Beacon Hill's been holding its breath for weeks looking forward to finding out whether the Legislature would force Gov. Charlie Baker's hand on whether to codify public access rights for transgender people. But Baker may have come to the rescue of skittish House Democrats Tuesday, when he announced that he would sign into law that chamber's version of the bill.

The House is set to vote Wednesday on a long-awaited bill that would include transgender men and women in antidiscrimination laws when it comes to restaurants, public bathrooms and changing areas.

"After hearing from all sides and carefully reviewing the two separate proposals that have been working their way through the legislature, I believe the House version addresses the concerns that some have with the bill by requiring the Attorney General to issue regulations to protect against people abusing the law. I would sign the House version in its current form should it reach my desk," Baker said in a statement from his spokeswoman Tuesday afternoon.

Baker's move essentially lets the House off the hook on having to deliver the two-thirds vote margin necessary to override the governor's objections. Without the spectre of a veto threat from Baker, DeLeo is free to let his more conservative members vote their conscience and pass the bill with a simple majority.

"I generally sense a sense of approval for the legislation, DeLeo told reporters after caucusing with his Democratic members Tuesday afternoon.

When asked if he thought the body would come up with a veto-proof majority to override an attempt by Baker to reject the bill, DeLoe was less certain.

"I'm not so sure about that. I do feel we will have the votes to pass but whether it's veto proof, I'm not so sure," DeLeo said.

Baker previously told the Boston Globe of his intention to support the House legislation.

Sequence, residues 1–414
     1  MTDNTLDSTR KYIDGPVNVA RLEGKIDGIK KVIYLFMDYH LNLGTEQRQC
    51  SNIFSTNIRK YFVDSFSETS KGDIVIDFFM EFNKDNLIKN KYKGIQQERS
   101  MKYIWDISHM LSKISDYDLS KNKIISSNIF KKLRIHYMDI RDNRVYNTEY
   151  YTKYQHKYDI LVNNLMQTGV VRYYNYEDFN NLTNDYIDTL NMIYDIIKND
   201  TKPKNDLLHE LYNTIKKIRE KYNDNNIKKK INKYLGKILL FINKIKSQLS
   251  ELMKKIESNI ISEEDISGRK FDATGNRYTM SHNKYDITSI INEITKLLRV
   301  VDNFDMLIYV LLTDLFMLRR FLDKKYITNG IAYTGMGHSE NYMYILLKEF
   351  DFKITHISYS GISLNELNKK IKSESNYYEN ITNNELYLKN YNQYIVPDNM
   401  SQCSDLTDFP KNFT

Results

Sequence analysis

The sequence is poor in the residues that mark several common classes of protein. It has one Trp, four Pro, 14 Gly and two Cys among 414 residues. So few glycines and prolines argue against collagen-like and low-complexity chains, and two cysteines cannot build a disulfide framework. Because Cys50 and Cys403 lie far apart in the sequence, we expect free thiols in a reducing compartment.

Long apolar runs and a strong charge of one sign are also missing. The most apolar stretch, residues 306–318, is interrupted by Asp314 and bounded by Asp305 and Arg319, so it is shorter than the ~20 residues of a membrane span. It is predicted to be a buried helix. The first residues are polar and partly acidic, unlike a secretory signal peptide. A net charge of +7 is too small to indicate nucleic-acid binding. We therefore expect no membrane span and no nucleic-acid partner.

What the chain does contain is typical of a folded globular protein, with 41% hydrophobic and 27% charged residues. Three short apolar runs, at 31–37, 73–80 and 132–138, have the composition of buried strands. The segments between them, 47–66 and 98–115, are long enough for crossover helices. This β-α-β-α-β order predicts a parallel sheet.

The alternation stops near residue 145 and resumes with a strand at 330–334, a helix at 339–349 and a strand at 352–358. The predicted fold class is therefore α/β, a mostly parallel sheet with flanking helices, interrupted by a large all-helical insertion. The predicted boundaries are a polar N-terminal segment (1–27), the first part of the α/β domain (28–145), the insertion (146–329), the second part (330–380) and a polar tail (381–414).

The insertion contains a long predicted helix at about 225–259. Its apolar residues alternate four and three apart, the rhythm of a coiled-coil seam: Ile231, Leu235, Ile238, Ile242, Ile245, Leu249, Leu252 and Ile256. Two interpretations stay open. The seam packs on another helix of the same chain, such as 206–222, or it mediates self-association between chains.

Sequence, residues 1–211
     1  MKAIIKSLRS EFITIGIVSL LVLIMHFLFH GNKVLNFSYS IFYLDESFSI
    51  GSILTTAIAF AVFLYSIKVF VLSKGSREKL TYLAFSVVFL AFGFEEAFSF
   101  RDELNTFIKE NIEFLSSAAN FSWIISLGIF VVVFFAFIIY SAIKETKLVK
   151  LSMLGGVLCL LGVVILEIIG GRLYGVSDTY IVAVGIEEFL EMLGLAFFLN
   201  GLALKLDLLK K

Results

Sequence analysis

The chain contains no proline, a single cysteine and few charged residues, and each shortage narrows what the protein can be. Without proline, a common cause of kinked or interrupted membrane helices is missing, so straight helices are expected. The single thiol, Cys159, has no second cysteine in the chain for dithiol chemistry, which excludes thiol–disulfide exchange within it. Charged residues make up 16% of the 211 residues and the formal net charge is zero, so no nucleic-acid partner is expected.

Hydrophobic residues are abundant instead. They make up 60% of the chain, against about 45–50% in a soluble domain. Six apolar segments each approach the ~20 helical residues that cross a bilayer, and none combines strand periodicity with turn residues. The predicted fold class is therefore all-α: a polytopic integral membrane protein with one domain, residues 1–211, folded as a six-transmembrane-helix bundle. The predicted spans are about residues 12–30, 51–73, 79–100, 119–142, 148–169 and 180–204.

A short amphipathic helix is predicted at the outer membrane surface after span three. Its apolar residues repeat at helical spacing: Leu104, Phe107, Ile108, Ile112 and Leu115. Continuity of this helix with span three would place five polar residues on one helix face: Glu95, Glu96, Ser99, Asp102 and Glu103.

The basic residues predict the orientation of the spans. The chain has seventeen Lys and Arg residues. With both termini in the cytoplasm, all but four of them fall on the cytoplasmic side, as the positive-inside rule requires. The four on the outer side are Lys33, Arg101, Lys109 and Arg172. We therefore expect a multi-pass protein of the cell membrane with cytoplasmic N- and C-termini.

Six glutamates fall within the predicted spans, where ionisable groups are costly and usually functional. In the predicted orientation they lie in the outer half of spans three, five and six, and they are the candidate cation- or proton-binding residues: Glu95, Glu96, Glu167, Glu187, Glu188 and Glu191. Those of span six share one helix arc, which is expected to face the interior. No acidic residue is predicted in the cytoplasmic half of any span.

Even before Baker's announcement, DeLeo insisted that for the Legislature to have any hope of getting transgender accommodations into law, the Senate would have to go along with the House bill, which includes language to lay out additional punishment for those who abuse accommodations access in order to commit crimes. The Senate easily passed their version of the bill without additional provisions earlier this month.

"It is my hope that at the end of the day, senators - and they have their strong beliefs as well - will realize that if we're going to make this a reality, then the House bill is going to be the way to go," DeLeo said. 

"I'm not looking to get up there tomorrow and to pass a piece of legislation, feel good about it, say "ra ra, look what we've done' and not have it passed into the law. That's not what I'm all about," The Speaker, who has been at odds with Senate leadership over procedural issues, added.

Though the bill is now much closer to passage in one form or another, some Republicans and conservative-leaning Democrats still resist the additional anti-discrimination legislation and fear it may lessen public safety for adults and children.

Rep. Keiko Orral (R-Lakeville) thinks the law as it stands already includes transgender people and says she's inclined to vote no. 

"They're not necessarily concerned about transgender people and where they go to the bathroom. It's more the locker rooms and the showers where people are fully disrobed and feeling very vulnerable," Orrall told WGBh News.

Orrall offered an amendment to the bill that would clarify religious exemptions for access, which she said is an issue lawmakers need to debate.

"We need to understand, does this apply to a mosque? Does this apply to a synagogue, an orthodox synagogue? Does this apply to our churches?" Orral said.